Advantages and Disadvantages of ETFs

Identifying the advantages and disadvantages of ETFs can help investors decide whether these securities make sense for their portfolios.
Advantages and Disadvantages of ETFs
3 min
07-June-2024

ETFs are suitable investments for both long-term and short-term investors, including beginners. They eliminate the need for extensive research and expertise in individual stocks. Since 1993, exchange-traded funds (ETFs) have changed how we invest. Essentially, ETFs are a basket of securities that tracks and tries to outperform the underlying index.

This article explains the concept of ETFs and highlights their pros and cons to help you make better investment decisions.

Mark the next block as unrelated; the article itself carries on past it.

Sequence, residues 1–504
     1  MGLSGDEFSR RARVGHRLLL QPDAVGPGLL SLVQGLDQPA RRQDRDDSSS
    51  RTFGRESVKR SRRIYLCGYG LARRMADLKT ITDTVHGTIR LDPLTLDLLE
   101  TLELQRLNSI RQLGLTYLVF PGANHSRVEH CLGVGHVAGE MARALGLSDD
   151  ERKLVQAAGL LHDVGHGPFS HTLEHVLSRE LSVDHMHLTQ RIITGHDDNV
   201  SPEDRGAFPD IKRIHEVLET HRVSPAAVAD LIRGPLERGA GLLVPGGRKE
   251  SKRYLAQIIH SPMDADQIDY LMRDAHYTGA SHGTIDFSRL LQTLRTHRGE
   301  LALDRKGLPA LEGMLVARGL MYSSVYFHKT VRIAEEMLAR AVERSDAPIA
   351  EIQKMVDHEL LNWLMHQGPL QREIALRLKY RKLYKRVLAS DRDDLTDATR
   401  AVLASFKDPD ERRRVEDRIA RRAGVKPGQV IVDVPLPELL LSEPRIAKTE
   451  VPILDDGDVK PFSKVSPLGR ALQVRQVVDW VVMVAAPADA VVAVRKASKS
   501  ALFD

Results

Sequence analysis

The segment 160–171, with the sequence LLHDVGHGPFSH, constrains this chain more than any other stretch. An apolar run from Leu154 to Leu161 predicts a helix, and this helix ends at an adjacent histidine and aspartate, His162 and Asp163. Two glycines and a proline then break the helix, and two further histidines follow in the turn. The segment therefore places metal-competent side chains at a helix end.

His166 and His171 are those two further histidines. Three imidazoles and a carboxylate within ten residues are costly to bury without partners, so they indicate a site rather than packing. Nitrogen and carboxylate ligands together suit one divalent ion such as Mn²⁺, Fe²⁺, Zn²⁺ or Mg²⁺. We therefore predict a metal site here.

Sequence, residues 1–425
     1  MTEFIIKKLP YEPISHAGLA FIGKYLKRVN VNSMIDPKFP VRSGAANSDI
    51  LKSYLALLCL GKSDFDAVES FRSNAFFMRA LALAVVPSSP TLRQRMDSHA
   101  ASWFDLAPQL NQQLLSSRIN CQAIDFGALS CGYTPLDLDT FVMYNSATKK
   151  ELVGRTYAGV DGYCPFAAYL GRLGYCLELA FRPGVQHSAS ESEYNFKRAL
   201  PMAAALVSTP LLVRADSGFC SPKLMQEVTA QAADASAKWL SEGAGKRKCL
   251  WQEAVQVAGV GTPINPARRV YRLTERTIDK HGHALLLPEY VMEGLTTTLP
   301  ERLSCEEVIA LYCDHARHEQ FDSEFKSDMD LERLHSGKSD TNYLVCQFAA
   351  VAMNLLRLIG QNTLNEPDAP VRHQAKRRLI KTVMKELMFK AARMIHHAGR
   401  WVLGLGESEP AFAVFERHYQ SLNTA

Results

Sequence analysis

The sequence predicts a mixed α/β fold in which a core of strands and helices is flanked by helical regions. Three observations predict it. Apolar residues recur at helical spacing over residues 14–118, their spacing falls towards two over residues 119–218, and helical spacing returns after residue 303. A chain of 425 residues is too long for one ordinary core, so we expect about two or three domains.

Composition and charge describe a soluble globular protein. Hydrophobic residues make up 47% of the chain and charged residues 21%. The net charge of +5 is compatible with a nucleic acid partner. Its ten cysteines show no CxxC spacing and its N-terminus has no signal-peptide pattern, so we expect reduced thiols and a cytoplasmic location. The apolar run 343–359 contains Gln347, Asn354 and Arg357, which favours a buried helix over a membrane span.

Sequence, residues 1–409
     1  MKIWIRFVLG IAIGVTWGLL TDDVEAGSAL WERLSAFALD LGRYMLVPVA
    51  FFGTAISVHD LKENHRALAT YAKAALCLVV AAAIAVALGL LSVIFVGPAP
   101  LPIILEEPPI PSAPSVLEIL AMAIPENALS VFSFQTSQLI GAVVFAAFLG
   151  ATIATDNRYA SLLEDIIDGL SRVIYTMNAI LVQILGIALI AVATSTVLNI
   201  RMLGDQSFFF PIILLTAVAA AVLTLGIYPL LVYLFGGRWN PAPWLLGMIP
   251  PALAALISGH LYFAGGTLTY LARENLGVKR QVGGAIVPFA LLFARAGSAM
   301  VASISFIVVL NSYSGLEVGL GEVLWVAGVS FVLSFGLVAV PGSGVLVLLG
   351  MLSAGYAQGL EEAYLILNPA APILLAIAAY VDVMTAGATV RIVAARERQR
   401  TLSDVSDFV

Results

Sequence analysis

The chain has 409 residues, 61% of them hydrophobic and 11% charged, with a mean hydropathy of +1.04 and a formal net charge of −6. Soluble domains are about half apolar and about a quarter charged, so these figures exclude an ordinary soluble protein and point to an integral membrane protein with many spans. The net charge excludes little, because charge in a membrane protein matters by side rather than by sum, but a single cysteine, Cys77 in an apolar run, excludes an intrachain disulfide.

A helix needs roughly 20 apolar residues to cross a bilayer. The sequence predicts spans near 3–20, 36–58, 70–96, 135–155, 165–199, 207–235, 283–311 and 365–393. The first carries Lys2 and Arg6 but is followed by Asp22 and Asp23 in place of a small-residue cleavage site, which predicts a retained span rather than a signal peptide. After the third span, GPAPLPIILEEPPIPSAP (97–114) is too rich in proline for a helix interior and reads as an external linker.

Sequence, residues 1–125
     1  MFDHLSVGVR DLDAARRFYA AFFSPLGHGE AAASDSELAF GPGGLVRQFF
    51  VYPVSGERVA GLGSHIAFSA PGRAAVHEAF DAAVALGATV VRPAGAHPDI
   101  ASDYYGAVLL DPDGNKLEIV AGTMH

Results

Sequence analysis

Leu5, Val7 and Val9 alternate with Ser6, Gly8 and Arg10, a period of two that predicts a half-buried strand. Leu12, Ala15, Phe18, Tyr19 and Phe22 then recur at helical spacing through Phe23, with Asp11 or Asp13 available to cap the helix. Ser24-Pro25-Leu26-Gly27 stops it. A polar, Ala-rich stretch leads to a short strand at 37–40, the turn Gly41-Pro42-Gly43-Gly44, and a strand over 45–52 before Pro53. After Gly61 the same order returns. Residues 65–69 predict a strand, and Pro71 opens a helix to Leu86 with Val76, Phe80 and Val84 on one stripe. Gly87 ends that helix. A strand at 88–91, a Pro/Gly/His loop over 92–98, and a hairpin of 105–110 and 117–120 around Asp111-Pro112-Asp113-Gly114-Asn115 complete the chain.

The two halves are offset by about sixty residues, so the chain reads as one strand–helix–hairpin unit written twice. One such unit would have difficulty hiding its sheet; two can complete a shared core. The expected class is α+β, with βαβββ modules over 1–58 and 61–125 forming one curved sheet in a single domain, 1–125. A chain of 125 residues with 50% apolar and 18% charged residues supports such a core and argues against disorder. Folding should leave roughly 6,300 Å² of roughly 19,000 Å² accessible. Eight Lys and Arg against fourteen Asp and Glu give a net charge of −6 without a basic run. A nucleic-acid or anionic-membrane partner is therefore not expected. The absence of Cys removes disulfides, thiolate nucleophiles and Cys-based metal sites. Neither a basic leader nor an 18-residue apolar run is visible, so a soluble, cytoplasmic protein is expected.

Overview of ETFs

An ETF, or exchange-traded fund, works like a group fund you can buy and sell on the market, much like how you trade stocks. This is different from mutual funds in the way that mutual funds also pool money but are only traded once a day after the market closes.

ETFs can replicate a wide array of assets and can be made to follow specific investing plans, offering a varied way to manage assets.

Advantages of ETFs

Below mentioned are the advantages of investing in ETFs:

Diversification

ETFs expose investors to a broad range of securities that span several markets, industries, asset classes, countries, or stock market indexes, helping mitigate the impact of a single investment's bad performance on the overall portfolio.

Trades like stock

Unlike mutual fund schemes, ETFs are traded on exchanges at prices set by the market during the trading day. Investors have more freedom to complete deals when they can purchase and sell ETF shares in real-time. ETFs can be acquired on leverage, traded short, or utilised as the underlying securities for option contracts.